Django Unchained Review
After a marathon 130 day production that unceremoniously managed to chew and spit out no less than Kevin Costner, Joseph-Gordon Levitt, Sacha Barron Cohen, Kurt Russell, Anthony LaPaglia, and Jonah Hill (before recasting him in a small role), Quentin Tarantino’s seventh feature film (I count Kill Bill as one whole film), Django Unchained, is being unleashed this Christmas. This will be the first Tarantino film since Jackie Brown to be released on this holiday. Like that film, it seems designed to send Spike Lee into a screaming fit over its overly-casual use of the n-word. Only this time, it is in a somewhat justifiable historical context.
His new film continues Mr. Tarantino’s recent swan-dive into cartoon-ish, anachronistic historical fantasies/obscure movie homages that started with Inglorious Basterds. Like that film, it was partially inspired by a classic film from the 60s. This one was an actual spaghetti western from 1966 called Django (its star, Franco Nero, has a cameo here). Unlike that film, it does not really improve on anything besides production value. Worse yet, it may be Mr. Tarantino’s most self-indulgent film yet, which is really saying something after Death Proof. Though it doesn’t contain anything as ridiculous as suggesting that Eli Roth gunned down Hitler in a movie theater, Django Unchained holds many subversive pet peeves of its own.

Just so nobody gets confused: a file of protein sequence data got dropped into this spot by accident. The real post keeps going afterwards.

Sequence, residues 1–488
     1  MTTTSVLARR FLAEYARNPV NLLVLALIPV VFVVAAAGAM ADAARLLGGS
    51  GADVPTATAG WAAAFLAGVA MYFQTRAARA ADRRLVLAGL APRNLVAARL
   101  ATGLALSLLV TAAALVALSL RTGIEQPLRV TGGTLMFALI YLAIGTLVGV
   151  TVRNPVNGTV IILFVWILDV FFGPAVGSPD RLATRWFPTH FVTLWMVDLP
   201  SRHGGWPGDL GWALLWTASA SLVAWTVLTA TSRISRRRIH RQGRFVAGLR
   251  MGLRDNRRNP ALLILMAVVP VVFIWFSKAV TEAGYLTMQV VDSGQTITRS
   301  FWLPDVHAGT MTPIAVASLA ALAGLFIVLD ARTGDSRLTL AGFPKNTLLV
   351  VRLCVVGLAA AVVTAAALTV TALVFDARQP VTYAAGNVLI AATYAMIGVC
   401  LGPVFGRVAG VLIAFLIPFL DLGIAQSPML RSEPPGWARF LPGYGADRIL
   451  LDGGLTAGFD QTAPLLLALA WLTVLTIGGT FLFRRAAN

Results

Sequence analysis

The story begins in 1856, “two years before the Civil War,” as a superimposed card tells the audience. Slavery in the US is still allowed by law. This is where historical fact begins and ends. The plot is an overly complicated diatribe involving a German dentist-turned bounty hunter (a pitch-perfect Christoph Waltz) freeing a stoic slave named Django (a refreshingly subtle Jamie Foxx) and training him to rescue his wife, Blaxploitation-esque named Broomhilda von Shaft (Kerry Washington), from a flamboyant Plantation owner, Calvin Candie (a lively Leonardo DiCaprio), and his loyal head servant, Steven (Samuel L. Jackson, whose entire performance comments on the role). Naturally, much mayhem, violence, and discussions of etiquette ensue.